People walking through airport, silhouette (focus on aeroplane)

As the first official day of the summer approaches, it finally feels like the world is getting back to normal. Many countries are now dropping Covid requirements and restrictions, such as testing, masking and quarantining. Tourists are definitely itching to get their holiday plans back on track. In fact, travel is forecasted to reach pre-pandemic levels this year in many regions of the world. In the last two years, countries around the world have lost billions of dollars due to the lack of tourists and many are launching campaigns to attract foreigners back to their favourite holiday destinations.

Earlier this week, the United States (U.S.) announced a five-year strategy to revive national travel and tourism, which is aimed at promoting the U.S. as a premier vacation destination. According to the Bloomberg article, US launches plan to bring back foreign tourists, before the pandemic, travel contributed about $240 billion to the U.S. economy, benefiting companies operating restaurants, hotels, attractions, shopping and more. Despite a lull in international travel, demand in the U.S. has picked up quite rapidly. Over the last five months, travellers have contributed to a trade surplus in the country, signalling an improving appetite for travel. Demand is likely to continue increasing over the summer as international tourists have yet to reach their pre-Covid numbers.

Pent-up demand has been seen across Europe as well. If April travel data is any indication of what’s to come, Europe is in for a busy summer. In April, popular tourist destinations have seen tourist numbers increase anywhere from two to tenfold. Travellers are also spending a lot during their holidays. In France, for instance, foreign travel spending was up 201%, compared to 2021, and up 477%, compared to 2020, as noted in the Bloomberg article, France Foreign Travel Spending Up 201% in April Y/Y. Another Bloomberg article, Number of tourists visiting Spain in April up nearly tenfold YoY, notes that in Spain, the 6.1 million tourists who visited the country in April spent close to what 7.14 million tourists spent back in 2019. It seems that higher prices for hotel rooms and plane tickets are not dissuading tourists from packing their bags, enjoying their holidays and doing some shopping and eating out too.

Japan has taken a more cautionary approach to its reopening plans. As of Friday, June 10th, the country will be accepting visa applications and allowing tourists to come into the country, but only if they are part of a guided tour and continue masking. They have been allowing up to 20,000 arrivals a day since June 1, and this daily cap includes business travellers, foreign students, and Japanese nationals. It will also include the newly allowed tourist arrivals. It will be interesting to see how many tourists will book holidays to Japan on these organized tours. One factor that could boost the attractiveness is the weak Japanese Yen. It is currently trading at a 20-year low, which could incentivize travellers to take advantage of lower than usual prices within the country.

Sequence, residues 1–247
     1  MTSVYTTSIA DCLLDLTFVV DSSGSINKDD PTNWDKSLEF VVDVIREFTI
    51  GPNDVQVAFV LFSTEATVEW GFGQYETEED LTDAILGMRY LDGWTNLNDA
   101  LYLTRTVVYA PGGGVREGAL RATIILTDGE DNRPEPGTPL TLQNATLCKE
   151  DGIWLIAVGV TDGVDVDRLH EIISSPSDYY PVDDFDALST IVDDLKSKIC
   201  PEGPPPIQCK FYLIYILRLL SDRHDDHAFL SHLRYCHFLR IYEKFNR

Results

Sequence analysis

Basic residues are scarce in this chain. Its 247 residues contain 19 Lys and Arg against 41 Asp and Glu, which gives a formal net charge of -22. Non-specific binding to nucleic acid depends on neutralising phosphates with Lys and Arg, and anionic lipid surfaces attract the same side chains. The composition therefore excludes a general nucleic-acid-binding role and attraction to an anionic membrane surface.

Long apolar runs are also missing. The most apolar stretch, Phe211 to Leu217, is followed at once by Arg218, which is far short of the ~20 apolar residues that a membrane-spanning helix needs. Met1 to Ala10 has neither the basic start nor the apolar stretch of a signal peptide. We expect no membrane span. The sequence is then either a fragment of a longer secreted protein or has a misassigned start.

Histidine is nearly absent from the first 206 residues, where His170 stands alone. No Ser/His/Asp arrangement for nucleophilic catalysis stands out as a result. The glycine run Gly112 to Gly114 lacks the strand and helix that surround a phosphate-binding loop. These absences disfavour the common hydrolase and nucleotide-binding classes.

China remains in an uncertain state. The country has been looking to ease border restrictions, especially after the two-month lockdown in Shanghai. While they loosened restrictions, parts of Beijing and Shanghai are already back in lockdown for a mass testing exercise, given the country’s zero Covid policy. We will be keeping a close eye as the situation emerges, although it remains unclear as to how things will progress over the summer.

Despite the Organisation for Economic Co-operation and Development (OECD) lowering its global growth outlook to 3% in 2022, down from the previous 4.5% forecast, summer travel does not seem to be a casualty of the slowdown. We believe that travel-exposed names could really benefit from the summer vacation tailwinds and keep performance on track despite the general economic slowdown.

Samsonite (SMSEY)

Samsonite has been one name that has benefitted from the global travel recovery and could further benefit from the reopening of the Asian regions. Sales for 2022 are on track to reach 80% of pre-Covid levels. The company is a well-established travel and lifestyle bag and luggage company with several brands under its umbrella. Some of these brands include Samsonite, Tumi, American Tourister, Gregory, and Lipault. The company’s exposure to different segments within the travel industry, as well as different geographies, makes it particularly attractive. In terms of business and leisure travel, which has been on the rise, they own Tumi and Samsonite, which cater to the more frequent, long-haul travellers. Gregory and High Sierra on the other hand, cater to the short-distance, outdoor-casual travellers who are looking to buy new gear for their road trips and backpacking adventures. As a result of these trends, sales in North America have been growing at a strong pace this year.